Wolves In The Throne Room - Celestite

Not particularly black, definitely not metal...
Wolves In The Throne Room - Celestite

Believe everything you read online and you might run a mile from this. Wikipedia will tell you that Olympia, Washington duo Wolves In The Throne Room is a black metal outfit. Their label associations, with Southern Lord primarily, support this suggestion. 2011’s ‘Celestial Lineage’ was considered by Pitchfork to be black metal’s defining album of the year, and “a classic” of its kind.

And yet, there’s a very clear dissonance at play here, too. The band – brothers Aaron and Nathan Weaver – has always stated that it is not a black metal band. They claim influential kosmische outfit Popol Vuh as a key influence. The pair’s credits for this, their fifth album, read synthesizers first, guitars second. Guest musicians on ‘Celestite’ – a mineral bearing a delicate blue hue, often used in fireworks – include Randall Dunn, a veteran of working alongside acts including Sunn O))) and Akron/Family, on “H300 Sound Design and Electrical Processing”.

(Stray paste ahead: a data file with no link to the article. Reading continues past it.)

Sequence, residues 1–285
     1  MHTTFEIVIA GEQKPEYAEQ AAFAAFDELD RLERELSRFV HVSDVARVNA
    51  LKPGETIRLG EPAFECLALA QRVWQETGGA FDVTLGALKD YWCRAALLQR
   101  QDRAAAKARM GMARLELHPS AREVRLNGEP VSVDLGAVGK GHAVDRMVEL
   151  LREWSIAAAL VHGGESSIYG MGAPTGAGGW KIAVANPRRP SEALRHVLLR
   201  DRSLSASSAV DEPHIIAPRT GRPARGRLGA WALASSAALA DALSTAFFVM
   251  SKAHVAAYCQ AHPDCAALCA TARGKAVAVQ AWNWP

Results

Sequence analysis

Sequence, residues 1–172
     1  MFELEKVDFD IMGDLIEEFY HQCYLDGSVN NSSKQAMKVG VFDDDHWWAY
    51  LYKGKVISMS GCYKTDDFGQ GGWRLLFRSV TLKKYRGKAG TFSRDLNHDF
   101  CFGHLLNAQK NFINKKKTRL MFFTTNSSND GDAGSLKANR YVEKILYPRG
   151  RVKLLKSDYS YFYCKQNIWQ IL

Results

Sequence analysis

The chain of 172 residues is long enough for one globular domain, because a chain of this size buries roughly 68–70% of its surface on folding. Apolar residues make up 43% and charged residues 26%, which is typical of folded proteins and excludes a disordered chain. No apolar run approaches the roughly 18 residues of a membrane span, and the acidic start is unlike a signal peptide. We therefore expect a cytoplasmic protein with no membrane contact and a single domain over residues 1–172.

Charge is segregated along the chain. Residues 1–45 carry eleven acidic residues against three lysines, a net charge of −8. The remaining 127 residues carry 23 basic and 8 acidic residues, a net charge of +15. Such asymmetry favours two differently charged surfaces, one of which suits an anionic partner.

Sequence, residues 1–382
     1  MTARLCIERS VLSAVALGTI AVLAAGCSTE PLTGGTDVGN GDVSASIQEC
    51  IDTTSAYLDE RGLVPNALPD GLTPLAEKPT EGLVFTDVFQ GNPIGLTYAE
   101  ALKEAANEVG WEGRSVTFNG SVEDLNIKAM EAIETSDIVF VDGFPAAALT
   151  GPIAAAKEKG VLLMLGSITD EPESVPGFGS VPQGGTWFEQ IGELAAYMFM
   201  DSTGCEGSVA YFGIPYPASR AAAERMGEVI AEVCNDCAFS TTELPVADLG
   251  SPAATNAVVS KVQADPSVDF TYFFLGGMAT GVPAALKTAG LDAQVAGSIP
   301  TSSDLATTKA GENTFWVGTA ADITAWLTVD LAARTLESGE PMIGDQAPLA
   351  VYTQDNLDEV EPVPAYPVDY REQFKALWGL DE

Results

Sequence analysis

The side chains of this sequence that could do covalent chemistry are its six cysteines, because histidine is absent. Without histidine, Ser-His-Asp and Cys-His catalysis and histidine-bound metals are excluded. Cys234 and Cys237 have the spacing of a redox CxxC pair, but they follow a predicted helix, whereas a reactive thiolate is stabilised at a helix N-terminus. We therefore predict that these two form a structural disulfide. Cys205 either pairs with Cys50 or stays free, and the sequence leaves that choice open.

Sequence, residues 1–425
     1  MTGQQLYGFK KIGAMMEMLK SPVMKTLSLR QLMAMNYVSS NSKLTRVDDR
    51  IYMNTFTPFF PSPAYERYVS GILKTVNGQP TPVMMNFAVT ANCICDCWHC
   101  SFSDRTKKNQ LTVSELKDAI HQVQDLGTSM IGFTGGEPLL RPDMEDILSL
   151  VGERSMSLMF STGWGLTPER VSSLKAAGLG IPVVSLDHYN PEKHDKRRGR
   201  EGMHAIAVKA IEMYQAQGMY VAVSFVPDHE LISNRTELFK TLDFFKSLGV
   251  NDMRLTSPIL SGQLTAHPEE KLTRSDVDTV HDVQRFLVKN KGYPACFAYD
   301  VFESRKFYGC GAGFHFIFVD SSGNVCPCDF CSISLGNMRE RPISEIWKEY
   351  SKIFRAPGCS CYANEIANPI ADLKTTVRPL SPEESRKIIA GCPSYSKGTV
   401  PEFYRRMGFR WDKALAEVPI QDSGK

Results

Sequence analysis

This isn’t a black metal album, basically.

What ‘Celestite’ is, instead, is rather harder to define in such simple terms. This is ambitious, expansive, texturally dense, atmospheric material that paints mind’s eye images of a London skyline comprised exclusively of Shards, horizon-filling cityscapes of gleaming metals and shimmering glass. It’s forward-leaning, a late-realised soundtrack to Deus Ex: Human Revolution and its near-future neon visions of Detroit and Shanghai. It’s got more than a few shades of Vangelis about it, especially on the wavering drones of ‘Bridge Of Leaves’.

No vocals – discernable ones, at least – are evident, and guitars are kept in check by significant swathes of keys and even the occasional instance of woodwind. It doesn’t lack for weight: when the guitars do crash in during ‘Initiation At Neudeg Alm’, this band’s more metal-centred heritage becomes apparent. But in the sweeping, sumptuous, enveloping swells of ‘Turning Ever Towards The Sun’ and ‘Celestite Mirror’, there is no darkness to fear, any descending night set alight by a million stars.

Just as Deafheaven’s critical hit of 2013, ‘Sunbather’ (review), couldn’t be categorised as a black metal collection, despite that act’s past form, so ‘Celestite’ takes even greater strides away from its makers’ source. This is more Ben Frost than Burzum, more interstellar overdrive than terrestrial church torching.

And it’s just a bit brilliant, basically.

8/10

Words: Mike Diver

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Listen to ‘Celestite’ on Deezer, below…

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